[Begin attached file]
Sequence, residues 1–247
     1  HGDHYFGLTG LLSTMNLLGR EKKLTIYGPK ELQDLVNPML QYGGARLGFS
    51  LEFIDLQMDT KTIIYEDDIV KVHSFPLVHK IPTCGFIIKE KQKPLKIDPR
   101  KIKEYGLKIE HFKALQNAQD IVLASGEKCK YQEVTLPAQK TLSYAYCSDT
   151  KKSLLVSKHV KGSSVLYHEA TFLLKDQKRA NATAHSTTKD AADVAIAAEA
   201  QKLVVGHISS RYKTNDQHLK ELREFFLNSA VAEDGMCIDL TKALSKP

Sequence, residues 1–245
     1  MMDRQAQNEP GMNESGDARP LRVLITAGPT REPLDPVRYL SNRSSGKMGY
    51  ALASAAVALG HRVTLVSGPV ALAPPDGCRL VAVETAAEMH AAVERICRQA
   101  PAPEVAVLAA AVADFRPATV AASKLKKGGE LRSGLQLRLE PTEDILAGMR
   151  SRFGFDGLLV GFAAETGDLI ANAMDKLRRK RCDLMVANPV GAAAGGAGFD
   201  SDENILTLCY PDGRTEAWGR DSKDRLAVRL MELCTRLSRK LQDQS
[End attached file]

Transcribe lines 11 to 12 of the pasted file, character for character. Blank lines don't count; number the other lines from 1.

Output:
   151  SRFGFDGLLV GFAAETGDLI ANAMDKLRRK RCDLMVANPV GAAAGGAGFD
   201  SDENILTLCY PDGRTEAWGR DSKDRLAVRL MELCTRLSRK LQDQS